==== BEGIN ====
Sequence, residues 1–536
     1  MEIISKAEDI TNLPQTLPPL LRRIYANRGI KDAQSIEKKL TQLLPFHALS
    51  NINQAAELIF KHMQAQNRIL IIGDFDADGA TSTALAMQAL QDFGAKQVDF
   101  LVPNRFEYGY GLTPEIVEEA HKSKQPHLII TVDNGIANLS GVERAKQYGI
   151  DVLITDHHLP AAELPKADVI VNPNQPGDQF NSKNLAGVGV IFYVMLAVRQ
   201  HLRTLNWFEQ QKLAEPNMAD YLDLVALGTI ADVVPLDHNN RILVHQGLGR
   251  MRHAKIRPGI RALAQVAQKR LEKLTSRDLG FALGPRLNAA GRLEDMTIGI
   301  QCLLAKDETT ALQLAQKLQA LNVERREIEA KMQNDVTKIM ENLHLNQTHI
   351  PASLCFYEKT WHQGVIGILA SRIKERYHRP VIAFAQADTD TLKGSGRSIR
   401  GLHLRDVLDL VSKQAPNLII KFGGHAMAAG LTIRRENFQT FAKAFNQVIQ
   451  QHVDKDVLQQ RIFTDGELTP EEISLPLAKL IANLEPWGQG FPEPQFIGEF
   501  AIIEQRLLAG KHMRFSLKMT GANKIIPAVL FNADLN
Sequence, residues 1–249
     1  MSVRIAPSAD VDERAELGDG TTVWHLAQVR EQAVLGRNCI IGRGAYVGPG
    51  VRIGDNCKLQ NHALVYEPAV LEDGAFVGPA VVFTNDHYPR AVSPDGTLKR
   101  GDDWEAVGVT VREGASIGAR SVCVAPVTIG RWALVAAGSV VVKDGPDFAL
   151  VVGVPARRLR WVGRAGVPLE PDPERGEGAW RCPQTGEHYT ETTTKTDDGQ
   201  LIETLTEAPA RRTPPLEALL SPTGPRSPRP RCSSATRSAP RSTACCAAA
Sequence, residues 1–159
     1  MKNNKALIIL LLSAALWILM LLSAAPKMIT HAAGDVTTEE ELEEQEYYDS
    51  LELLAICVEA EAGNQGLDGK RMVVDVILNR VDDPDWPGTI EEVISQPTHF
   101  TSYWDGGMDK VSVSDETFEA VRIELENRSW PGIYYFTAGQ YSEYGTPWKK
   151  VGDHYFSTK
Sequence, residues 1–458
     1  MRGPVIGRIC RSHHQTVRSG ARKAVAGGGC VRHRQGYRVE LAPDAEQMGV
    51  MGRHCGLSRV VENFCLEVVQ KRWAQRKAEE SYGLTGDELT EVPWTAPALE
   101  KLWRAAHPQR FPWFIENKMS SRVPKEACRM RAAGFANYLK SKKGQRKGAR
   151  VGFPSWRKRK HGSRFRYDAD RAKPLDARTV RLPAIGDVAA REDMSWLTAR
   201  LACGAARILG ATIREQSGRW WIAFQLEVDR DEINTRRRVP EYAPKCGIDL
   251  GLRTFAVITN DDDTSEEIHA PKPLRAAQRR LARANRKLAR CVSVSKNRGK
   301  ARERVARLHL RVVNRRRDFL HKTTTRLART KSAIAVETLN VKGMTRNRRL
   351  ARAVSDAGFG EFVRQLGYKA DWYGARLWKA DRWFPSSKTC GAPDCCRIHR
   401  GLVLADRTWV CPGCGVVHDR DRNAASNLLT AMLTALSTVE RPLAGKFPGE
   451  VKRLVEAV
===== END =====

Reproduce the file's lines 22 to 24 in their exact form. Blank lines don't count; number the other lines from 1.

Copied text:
   101  TSYWDGGMDK VSVSDETFEA VRIELENRSW PGIYYFTAGQ YSEYGTPWKK
   151  VGDHYFSTK
Sequence, residues 1–458